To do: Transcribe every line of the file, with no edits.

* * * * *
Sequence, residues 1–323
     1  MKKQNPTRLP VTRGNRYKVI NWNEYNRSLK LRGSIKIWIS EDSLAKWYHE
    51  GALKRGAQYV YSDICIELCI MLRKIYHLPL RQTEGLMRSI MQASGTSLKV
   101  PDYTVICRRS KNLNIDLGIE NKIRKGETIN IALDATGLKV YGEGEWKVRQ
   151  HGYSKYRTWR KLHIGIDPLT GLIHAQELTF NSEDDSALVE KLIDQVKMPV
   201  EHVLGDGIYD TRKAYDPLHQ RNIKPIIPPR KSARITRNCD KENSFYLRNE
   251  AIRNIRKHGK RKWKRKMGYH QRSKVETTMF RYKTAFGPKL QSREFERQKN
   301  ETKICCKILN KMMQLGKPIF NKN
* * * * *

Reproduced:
Sequence, residues 1–323
     1  MKKQNPTRLP VTRGNRYKVI NWNEYNRSLK LRGSIKIWIS EDSLAKWYHE
    51  GALKRGAQYV YSDICIELCI MLRKIYHLPL RQTEGLMRSI MQASGTSLKV
   101  PDYTVICRRS KNLNIDLGIE NKIRKGETIN IALDATGLKV YGEGEWKVRQ
   151  HGYSKYRTWR KLHIGIDPLT GLIHAQELTF NSEDDSALVE KLIDQVKMPV
   201  EHVLGDGIYD TRKAYDPLHQ RNIKPIIPPR KSARITRNCD KENSFYLRNE
   251  AIRNIRKHGK RKWKRKMGYH QRSKVETTMF RYKTAFGPKL QSREFERQKN
   301  ETKICCKILN KMMQLGKPIF NKN